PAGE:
Science Scope

The next computer revolution: No more keyboards!

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Two new technologies show how we may someday control computers and appliances simply by gesturing with our hands.

Kinect is a device originally built to help Xbox gamers play video games without a controller, just with their bodies and voice commands. Already, Kinect has found real-world applications, such as spotting autism in children.

The same "Look, Ma, no hands!" revolution is coming to computers and appliances.

New Scientist reports that two new types of technology, Humantenna and Soundwave, which were both created by Microsoft and presented last week at the Conference on Human Factors in Computing Systems in Austin, Texas, show how this will work.

Humantenna

The first, Humantenna, works just as the name suggests: It uses the human body as an antenna, turning it into a kind of universal remote control.

The technology relies on the electromagnetic waves that already exist in the air from power lines and appliances in the home.

The user wears a device that measures the voltages that are received by the body; it then transmits those signals to a computer. The change in voltages can tell the computer which movement the body performed.

In a video available here, the user can perform motions such as raising and lowering arms, stepping to the side, or doing a kick and one-two punch, and Humantenna can detect them all. So far, the researchers have found that the technology detects 12 gestures accurately more than 90% of the time.

In Austin last week, for the version of Humantenna presented, the user wore a sensor inside a small bag. That sensor has to be trained to recognize specific gestures.

Another version (to be described in a paper under review) uses a wristwatch-sized sensor that represents a step forward not only because of its size but also because it did not need to be trained to recognize gestures.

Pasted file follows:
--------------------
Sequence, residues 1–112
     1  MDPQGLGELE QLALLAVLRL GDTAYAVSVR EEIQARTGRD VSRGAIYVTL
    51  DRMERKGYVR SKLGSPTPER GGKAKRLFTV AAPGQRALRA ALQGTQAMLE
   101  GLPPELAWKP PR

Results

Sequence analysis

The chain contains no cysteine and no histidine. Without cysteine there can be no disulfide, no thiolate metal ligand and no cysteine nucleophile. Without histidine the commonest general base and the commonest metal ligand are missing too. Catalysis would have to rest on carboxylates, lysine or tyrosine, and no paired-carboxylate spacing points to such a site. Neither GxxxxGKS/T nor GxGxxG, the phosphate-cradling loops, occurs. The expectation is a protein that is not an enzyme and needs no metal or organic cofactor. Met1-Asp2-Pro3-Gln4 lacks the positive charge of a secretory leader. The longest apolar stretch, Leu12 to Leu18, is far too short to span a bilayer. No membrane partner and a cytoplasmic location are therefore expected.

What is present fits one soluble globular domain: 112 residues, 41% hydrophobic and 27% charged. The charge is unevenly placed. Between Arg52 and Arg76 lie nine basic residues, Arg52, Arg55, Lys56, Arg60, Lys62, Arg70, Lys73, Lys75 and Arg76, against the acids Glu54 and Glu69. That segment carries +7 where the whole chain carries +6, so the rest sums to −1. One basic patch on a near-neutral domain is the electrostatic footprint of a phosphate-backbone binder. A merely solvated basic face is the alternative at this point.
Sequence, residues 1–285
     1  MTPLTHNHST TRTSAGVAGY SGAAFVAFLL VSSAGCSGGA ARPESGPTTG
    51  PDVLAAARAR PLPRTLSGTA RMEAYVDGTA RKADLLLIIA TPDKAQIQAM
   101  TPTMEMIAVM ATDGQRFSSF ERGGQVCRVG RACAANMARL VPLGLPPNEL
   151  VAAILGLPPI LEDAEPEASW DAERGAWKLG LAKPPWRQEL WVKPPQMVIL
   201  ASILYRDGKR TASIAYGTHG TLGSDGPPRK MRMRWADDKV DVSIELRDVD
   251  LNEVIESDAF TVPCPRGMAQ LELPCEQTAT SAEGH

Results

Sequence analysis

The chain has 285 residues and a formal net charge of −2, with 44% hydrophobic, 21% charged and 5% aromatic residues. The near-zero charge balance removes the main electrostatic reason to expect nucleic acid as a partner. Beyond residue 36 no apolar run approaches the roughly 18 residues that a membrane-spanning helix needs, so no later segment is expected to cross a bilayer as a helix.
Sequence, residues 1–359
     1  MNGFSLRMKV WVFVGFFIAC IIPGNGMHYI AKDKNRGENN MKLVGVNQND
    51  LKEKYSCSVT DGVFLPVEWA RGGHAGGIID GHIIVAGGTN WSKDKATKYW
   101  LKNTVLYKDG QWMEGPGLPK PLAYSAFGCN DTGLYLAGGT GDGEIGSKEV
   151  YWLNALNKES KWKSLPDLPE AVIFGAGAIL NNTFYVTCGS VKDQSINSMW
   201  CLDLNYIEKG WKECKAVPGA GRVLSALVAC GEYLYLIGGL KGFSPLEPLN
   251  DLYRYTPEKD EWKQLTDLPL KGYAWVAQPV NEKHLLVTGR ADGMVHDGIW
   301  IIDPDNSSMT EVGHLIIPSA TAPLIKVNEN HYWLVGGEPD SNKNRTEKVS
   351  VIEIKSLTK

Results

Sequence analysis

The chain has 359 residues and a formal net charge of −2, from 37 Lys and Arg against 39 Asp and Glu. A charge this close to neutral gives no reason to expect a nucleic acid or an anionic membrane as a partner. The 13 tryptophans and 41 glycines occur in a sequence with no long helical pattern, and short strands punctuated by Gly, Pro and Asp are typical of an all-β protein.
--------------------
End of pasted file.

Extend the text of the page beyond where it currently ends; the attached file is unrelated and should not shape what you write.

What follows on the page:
The team found patterns in low-frequency signals that allowed them to develop the system to detect the same gesture no matter what location it is performed in, or what the electromagnetic fields are in that location.

With Humantenna, people could point or swipe in the air to control lights, appliances and computers. It could also be used in fitness monitoring: Beyond pedometers and other devices that merely pick up our steps, it could track whole body movements.

The drawbacks are that changes in local electromagnetic fields prompted by the turning on and off of devices could confuse Humantenna. Also, it cannot yet differentiate between similar gestures or small movements such as the wiggling of a finger. Finally, it requires users to wear a sensor.

SoundWave

A similar technology also presented by Microsoft in Austin is SoundWave, a technology that uses an inaudible tone produced by a laptop speaker.

Moving a hand in front of the laptop changes the frequency of the sound, which the computer microphone detects. SoundWave matches these frequency changes with specific hand movements, allowing it to detect several gestures with more than 90% accuracy, even in noisy environments.

Like Humantenna, SoundWave's ability to detect small gestures is limited. The tone also bounces off other nearby objects, causing interference. However, the technology can already detect swipes and use them to, for instance, turn on a computer, scroll through photos or rotate an image.

Unlike Humantenna, it does not need any extra technology other than the speakers and microphones that already exist in computers.

The teams developing both technologies plan to fine-tune both technologies so they respond to more than just large gestures.

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via: New Scientist, Scientific American

photo: screenshot

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Laura Shin

Features Editor

Laura Shin has been published in The New York Times, The Wall Street Journal and The Los Angeles Times, and is currently a contributor at Forbes. Previously, she worked at Newsweek, the New York Times, Wall Street Journal and LearnVest. She holds degrees from Stanford University and Columbia University's Graduate School of Journalism. Follow her on Twitter. Disclosure